We have developed a low-cost, wearable, CMOS-based device for the long-term measurement of skin physiological parameters in contact with tissue from spatially resolved diffuse reflectance measurements. The device has been tested for the assessment of the tissue oxygenation in vivo.
We developed an algorithm to estimate the optical properties of a bilayer material using diffuse reflectance analysis. This algorithm has been tested to the detection of liveness in a biometric device adapted to perform Structured Light Imaging. The liveness detection is based on the optical properties comparison between spoofs and living objects.
Diffuse optical tomography (DOT) estimates the optical properties inside a turbid medium by injecting light from the surface and measuring the reflected photons. In time-resolved technology, since to perform DOT reconstruction at time domain is too computationally expensive, datatypes are used instead. Temporal windows are the most used datatypes but until now just w(t) = tne−pt forms could be computed fast. In this work, we propose a new method to compute efficiently a larger set of window datatypes. The results show that with these new windows (1) the localization of inclusions deeper than 2.5 cm is improved and (2) the absorption quantification is ameliorated at all inclusion depths.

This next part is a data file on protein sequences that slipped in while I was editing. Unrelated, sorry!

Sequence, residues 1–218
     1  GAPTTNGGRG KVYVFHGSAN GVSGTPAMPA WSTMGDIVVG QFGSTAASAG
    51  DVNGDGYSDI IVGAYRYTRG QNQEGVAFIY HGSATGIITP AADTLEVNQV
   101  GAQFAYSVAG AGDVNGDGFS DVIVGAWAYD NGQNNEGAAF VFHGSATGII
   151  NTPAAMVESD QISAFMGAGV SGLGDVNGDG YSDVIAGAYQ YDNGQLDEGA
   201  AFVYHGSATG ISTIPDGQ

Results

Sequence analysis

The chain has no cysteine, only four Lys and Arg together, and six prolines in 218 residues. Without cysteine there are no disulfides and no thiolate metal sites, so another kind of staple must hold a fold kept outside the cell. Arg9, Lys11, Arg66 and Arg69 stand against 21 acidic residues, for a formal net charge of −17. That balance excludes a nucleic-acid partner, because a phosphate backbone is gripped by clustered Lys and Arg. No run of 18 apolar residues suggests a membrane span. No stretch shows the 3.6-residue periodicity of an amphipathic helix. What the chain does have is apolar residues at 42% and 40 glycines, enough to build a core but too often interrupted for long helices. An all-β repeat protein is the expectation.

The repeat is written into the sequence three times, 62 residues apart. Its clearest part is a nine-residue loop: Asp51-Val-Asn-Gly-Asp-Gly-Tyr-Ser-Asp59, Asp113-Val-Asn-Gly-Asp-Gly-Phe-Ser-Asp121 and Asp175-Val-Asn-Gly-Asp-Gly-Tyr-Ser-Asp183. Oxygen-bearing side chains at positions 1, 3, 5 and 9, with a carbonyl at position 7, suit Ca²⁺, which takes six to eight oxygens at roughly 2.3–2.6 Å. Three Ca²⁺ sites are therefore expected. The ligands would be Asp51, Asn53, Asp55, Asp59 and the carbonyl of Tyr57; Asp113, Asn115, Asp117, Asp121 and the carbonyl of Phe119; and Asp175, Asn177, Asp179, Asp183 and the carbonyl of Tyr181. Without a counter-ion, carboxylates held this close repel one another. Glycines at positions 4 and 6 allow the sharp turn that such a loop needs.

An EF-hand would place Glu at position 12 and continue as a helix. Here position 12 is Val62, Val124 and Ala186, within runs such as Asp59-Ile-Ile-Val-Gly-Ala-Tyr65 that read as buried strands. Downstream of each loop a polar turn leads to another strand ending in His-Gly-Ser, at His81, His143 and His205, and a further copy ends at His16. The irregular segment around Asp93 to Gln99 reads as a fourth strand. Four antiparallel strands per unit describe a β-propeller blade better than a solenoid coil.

Spatially resolved diffuse reflectance spectroscopy (srDRS) is a well-established technique for noninvasive, in vivo characterization of tissue optical properties toward diagnostic applications. srDRS has a potential for depth-resolved analysis of tissue, which is desired in various clinical situations. However, current fiber-based and photodiode-based systems have difficulties achieving this goal due to challenges in sampling the reflectance with a high enough resolution. We introduce a compact, low-cost architecture for srDRS based on the use of a multipixel imaging sensor and light-emitting diodes to achieve lensless diffuse reflectance imaging in contact with the tissue with high spatial resolution. For proof-of-concept, a prototype device, involving a commercially available complementary metal–oxide semiconductor coupled with a fiber-optic plate, was fabricated. Diffuse reflectance profiles were acquired at 645 nm at source-to-detector separations ranging from 480 μm to 4 mm with a resolution of 16.7 μm. Absorption coefficients (μa) and reduced scattering coefficients (μs′) of homogeneous tissue-mimicking phantoms were measured with 4.2 ± 3.5 % and 7.0 ± 4.6 % error, respectively. The results obtained confirm the potential of our approach for quantitative characterization of tissue optical properties in contact imaging modality. This study is a first step toward the development of low-cost, wearable devices for skin condition diagnosis in vivo.